Q: Speaking of which…there are some strange and fascinating materials in the exhibition, including salmon skin, vegetable ivory and chicle — the product that used to be the base of gum. How did these raw materials get chosen?
Sara Elliott: All of the raw materials featured in the exhibition are sustainable. That is, the rate and quantity of extraction is balanced with the source ecosystem’s capacity to regenerate. In most instances, protection of that ecosystem is crucial to providing livelihoods to the people that live there.
In southwest Alaska, for example, the Conservancy is working with its partners to restore key fish habitats, including the pristine waters that support the salmon industry. The vegetable ivory carvings in the exhibition come from the seed of the ivory nut palm, which was introduced as an alternative to mangrove carving, a practice that until the 1980′s was damaging the mangrove forests of Pohnpei. And the harvesting of chicle has been practiced by the Mayan people who live on the Yucatan for thousands of years, and today is part of a sustainable approach to forest stewardship that includes managed and limited logging.
Q: What’s your favorite story about a designer’s experience during this project?
Sara Elliott: I have a couple of favorite moments with the designers.
One was taking Christien Miendertsma to Idaho to introduce her to the Panama sheep herd at Lava Lake Ranch. At one point, Christien was literally surrounded by a flock of 3,000 sheep, coming off of the fields after months of grazing on gorgeous pastures of southern Idaho. Seeing the animals, the landscape and the designer all in one stunning view was a perfect encapsulation of the project, and I love how her rug captures that moment and honors both the animals and the place that sustains them.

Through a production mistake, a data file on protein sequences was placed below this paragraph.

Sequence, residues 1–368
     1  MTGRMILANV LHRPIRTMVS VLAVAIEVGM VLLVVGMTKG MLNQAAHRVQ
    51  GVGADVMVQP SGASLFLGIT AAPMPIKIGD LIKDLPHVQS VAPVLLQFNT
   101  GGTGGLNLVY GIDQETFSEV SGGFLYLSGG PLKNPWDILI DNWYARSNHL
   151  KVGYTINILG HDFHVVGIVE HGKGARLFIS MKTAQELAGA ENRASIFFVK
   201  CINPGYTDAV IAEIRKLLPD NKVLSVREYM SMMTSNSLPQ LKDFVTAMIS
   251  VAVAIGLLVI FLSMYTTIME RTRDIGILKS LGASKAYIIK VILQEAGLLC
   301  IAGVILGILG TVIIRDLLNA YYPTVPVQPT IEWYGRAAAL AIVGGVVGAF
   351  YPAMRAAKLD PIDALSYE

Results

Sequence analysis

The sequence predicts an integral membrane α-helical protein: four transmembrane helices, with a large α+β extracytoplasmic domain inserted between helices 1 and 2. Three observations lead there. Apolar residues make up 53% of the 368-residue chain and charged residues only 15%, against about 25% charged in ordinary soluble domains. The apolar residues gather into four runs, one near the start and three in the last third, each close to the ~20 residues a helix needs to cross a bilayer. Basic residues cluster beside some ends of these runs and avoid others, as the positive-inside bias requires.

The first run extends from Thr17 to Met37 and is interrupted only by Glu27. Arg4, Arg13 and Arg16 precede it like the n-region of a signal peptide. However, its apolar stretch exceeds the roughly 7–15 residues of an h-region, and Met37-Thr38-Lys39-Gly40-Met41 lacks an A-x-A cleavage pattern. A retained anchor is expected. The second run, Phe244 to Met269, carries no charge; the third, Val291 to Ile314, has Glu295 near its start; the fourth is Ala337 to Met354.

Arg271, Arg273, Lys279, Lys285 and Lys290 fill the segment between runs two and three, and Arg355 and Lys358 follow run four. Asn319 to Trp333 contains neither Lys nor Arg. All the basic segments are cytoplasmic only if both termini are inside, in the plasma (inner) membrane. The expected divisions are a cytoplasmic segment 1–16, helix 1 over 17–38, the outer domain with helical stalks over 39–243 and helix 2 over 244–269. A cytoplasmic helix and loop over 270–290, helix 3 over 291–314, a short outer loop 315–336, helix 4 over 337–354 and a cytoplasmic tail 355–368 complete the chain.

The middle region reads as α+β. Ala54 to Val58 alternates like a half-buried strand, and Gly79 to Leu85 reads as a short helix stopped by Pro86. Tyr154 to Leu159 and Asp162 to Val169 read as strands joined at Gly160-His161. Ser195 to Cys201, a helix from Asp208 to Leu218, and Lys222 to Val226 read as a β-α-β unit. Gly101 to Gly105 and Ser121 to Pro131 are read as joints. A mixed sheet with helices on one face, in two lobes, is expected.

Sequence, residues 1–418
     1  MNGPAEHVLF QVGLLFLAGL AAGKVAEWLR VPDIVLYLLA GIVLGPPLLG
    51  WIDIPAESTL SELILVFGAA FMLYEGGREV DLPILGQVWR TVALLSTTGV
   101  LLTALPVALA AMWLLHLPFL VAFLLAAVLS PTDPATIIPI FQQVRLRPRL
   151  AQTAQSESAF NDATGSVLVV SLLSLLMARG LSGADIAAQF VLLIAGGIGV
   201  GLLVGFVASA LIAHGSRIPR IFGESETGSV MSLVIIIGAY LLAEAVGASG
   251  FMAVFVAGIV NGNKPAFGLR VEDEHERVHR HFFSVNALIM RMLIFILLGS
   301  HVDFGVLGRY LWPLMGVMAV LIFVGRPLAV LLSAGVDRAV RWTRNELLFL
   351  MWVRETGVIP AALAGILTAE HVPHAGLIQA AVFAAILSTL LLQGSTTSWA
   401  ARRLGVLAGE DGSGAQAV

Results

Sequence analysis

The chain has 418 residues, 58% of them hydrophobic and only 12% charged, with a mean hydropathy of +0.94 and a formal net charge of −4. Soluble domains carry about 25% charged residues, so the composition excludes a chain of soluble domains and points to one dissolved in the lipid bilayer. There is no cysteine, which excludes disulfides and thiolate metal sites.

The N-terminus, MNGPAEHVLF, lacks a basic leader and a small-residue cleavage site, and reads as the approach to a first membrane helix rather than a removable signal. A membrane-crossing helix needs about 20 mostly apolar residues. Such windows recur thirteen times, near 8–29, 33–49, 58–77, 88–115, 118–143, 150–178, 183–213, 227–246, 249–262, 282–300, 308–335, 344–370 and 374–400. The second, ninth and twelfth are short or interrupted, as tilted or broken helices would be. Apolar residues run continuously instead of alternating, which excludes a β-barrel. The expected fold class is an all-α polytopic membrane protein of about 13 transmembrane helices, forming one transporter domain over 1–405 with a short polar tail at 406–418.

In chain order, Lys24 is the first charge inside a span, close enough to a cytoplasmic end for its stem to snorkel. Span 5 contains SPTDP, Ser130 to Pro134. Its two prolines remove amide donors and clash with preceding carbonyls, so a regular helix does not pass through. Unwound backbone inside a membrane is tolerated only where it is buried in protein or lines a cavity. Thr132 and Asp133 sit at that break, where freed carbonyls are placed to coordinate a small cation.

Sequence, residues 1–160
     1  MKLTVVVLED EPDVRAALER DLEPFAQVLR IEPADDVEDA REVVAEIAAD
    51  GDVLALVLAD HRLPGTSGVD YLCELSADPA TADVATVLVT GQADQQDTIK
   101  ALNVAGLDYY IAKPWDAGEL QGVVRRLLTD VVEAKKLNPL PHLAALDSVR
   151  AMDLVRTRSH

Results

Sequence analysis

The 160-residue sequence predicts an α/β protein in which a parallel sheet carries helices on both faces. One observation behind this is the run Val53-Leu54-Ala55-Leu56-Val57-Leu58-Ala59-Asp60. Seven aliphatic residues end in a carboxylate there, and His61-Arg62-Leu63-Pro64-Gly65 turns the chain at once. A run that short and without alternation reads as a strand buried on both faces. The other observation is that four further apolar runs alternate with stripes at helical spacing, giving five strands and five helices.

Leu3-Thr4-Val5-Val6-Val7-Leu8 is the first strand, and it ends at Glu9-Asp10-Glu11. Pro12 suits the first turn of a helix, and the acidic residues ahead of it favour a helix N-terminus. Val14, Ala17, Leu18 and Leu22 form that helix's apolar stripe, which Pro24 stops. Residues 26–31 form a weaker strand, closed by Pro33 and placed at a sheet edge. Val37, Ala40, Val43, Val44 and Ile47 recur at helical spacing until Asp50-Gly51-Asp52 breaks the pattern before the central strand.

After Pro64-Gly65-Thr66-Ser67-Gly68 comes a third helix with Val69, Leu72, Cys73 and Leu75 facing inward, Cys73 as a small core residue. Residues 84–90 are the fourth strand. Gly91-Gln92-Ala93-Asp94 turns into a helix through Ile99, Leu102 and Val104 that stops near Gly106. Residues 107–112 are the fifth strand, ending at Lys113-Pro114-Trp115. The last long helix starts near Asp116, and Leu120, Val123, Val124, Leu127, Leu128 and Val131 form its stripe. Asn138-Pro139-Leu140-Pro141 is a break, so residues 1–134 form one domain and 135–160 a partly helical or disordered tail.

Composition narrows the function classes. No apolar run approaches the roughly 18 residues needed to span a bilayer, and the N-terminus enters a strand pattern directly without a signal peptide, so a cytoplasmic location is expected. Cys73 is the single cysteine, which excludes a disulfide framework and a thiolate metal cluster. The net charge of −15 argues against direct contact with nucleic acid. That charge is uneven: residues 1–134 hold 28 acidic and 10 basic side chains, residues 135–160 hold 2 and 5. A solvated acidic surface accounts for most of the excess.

Another great moment was introducing Ted Muheling to the Kapingamarangi carvers on Pohnpei and watching him instantly connect with these people who live and work literally on the other side of the world, through the language of craft. In that moment, as Ted worked alongside the carvers in the Kapinga Village, there was no difference between what he does every day in his studio in New York and the carvers, working to transform a simple nut into something beautiful and lasting.
Q: Last questions — how is the Conservancy using the exhibition to bring a conservation ethic to a wider audience? And what are the messages you want people to take away from this exhibition about sustainability?
Sara Elliott: The Conservancy is using the exhibition as what Sanjayan, our lead scientist, likes to call a “mental prompt” to get people to think about where things the things that surround them come from, and their impacts on the environment that sustains us all. Not just the tables and chairs in our homes, but also the water we drink, the food we eat — all of the services that nature provides that we simply cannot live without. These things come from somewhere, someone harvested them, and inevitably how and what we consume will determine the kind of world we leave to the next generation.
I think this awareness, a new habit of reflecting on where things come from, is a crucial first step in designing a more sustainable world.
(Image: Chicle products in the Design for a Living World exhibition. Credit: Erika Nortemann/TNC.)